What Strategies Can Pharmacy Teams Implement to Reduce The Environmental Impact Associated With Inhaler Use Through Sustainable Prescribing Practices and Effective Management of Medication Waste?

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Date
2023
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Saudi Digital Library
Abstract
Background: Inhalers, commonly prescribed for respiratory conditions, contribute to greenhouse gas emissions and ozone layer depletion. The primary environmental concern associated with inhalers is the propellants used, typically hydrofluoroalkanes (HFAs) or chlorofluorocarbons (CFCs). While HFAs replaced CFCs due to their non-ozone depletion potential, they still act as potent greenhouse gases, contributing to climate change. Proper disposal, energy consumption during manufacturing, and patient education are critical factors influencing the overall environmental footprint of inhalers. Objectives: This scoping review explores the environmental impact of medications, particularly inhalers, and the role of pharmacists in mitigating these impacts. Methods: Through a comprehensive search of academic databases such as PubMed Central and Embase, out of 4862 results, 13 studies were included in the current review. Key findings: pressurised metered dose inhalers (pMDIs) are responsible for a significant amount of carbon dioxide emissions and have a detrimental environmental impact throughout usage and disposal. Pharmacists can play an important role in mitigating these effects through helping to switch pMDIs into dry powder inhalers or soft mist inhalers with lower ecological footprint. Furthermore, recycling programmes or some other smart in hospital decisions can aid in decreasing the waste of inhalers. Conclusion: Collaborative efforts between pharmacists, healthcare providers, manufacturers, and environmental organisations are essential in developing and implementing strategies to reduce the ecological footprint while ensuring optimal patient care. Future research should focus on evaluating the effectiveness of pharmacist-led interventions in mitigating the environmental impact of inhalers and identifying further opportunities for sustainable practices within the pharmaceutical sector.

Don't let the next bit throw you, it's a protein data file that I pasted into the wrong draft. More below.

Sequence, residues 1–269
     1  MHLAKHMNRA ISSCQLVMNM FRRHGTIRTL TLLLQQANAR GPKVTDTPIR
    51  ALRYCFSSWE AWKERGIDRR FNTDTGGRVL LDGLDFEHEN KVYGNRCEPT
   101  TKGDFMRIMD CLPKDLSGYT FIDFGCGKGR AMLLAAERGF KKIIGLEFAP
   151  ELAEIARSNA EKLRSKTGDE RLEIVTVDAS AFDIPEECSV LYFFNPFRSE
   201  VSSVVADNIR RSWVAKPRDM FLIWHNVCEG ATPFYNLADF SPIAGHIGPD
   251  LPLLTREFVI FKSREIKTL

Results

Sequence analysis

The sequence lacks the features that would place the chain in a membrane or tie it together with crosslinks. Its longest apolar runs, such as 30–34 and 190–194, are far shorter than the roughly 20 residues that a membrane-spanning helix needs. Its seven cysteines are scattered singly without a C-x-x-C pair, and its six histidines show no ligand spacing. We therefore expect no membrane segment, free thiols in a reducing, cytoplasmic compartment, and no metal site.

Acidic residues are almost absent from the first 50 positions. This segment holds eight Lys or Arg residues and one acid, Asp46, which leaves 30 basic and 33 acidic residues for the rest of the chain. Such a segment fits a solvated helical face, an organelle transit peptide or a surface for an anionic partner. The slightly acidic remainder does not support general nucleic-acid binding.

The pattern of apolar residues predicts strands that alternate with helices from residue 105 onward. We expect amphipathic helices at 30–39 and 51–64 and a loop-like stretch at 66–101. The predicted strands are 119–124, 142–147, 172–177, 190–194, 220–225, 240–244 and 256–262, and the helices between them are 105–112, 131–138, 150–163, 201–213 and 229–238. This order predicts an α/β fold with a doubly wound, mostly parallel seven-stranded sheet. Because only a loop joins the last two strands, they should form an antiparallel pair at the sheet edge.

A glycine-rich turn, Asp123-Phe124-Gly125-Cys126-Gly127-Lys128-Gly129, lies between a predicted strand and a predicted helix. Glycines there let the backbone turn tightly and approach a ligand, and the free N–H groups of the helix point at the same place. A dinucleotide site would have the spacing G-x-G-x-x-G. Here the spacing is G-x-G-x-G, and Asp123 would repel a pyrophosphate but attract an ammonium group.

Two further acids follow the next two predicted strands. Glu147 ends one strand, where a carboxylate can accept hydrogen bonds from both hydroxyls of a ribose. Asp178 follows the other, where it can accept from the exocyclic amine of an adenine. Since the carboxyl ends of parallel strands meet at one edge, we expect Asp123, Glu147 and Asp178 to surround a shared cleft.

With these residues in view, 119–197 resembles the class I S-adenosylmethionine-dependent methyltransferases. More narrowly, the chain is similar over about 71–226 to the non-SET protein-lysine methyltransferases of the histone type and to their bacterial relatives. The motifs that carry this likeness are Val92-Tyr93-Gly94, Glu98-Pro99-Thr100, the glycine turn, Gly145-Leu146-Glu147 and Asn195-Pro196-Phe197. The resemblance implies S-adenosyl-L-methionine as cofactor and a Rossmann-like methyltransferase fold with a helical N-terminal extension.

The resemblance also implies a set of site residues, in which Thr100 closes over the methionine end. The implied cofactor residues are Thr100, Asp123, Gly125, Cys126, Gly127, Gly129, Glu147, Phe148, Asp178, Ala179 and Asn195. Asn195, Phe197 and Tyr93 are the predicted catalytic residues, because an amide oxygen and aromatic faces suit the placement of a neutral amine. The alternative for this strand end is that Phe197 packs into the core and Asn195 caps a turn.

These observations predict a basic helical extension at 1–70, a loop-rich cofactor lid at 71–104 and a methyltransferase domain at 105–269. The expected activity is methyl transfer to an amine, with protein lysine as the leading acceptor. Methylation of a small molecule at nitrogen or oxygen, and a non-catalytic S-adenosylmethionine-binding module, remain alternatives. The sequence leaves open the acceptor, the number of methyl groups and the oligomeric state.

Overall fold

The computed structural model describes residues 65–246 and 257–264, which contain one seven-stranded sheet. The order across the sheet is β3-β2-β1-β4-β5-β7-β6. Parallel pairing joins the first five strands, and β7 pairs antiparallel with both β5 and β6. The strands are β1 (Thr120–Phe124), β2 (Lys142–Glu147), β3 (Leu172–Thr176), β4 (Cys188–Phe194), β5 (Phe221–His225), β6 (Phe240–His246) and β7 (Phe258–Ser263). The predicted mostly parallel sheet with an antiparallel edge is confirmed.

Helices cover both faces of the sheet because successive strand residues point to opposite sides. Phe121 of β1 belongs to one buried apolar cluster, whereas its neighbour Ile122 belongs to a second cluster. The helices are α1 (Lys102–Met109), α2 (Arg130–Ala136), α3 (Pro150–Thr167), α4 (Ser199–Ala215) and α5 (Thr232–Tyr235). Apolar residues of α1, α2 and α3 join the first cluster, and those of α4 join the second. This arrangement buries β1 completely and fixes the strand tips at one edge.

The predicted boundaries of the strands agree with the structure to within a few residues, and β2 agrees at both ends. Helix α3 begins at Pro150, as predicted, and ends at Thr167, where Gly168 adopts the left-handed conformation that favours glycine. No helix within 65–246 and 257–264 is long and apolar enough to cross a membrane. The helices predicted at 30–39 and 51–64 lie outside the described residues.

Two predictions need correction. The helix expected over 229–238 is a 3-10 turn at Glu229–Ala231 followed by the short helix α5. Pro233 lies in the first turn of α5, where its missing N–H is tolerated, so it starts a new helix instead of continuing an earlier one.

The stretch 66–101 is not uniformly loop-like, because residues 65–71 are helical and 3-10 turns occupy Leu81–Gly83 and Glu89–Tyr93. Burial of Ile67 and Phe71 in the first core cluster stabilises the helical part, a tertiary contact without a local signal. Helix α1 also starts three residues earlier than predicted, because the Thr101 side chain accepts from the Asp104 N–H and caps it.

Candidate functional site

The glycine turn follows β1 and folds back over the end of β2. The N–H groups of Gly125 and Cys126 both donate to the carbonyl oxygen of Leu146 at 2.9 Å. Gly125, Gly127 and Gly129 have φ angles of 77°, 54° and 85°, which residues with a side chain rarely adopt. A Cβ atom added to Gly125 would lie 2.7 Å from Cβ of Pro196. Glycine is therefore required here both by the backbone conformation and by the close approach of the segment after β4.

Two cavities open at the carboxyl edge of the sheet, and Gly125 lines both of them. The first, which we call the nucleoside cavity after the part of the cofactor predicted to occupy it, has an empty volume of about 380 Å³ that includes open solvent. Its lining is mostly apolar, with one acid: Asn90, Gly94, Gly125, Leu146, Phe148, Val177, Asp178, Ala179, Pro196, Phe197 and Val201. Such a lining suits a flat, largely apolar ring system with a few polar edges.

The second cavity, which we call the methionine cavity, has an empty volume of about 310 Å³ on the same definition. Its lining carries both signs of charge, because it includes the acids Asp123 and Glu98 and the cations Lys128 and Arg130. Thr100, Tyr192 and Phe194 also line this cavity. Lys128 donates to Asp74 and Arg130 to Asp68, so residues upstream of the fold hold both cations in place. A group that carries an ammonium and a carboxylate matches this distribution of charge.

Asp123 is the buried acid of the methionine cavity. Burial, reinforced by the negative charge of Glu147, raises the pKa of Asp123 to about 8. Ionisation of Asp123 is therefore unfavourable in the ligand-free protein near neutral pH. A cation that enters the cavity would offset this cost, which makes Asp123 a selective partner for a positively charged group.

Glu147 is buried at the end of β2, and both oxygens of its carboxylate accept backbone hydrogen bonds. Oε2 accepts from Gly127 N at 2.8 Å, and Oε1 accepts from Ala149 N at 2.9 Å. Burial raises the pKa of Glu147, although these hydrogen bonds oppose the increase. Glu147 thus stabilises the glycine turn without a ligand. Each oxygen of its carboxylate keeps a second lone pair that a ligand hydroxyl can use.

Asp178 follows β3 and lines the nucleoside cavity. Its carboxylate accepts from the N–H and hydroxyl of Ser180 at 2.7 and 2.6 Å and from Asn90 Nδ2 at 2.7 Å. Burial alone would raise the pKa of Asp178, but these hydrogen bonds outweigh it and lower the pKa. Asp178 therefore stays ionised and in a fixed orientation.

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Keywords
Inhalers, Pharmacy team and Climate change, Environment, Medication waste
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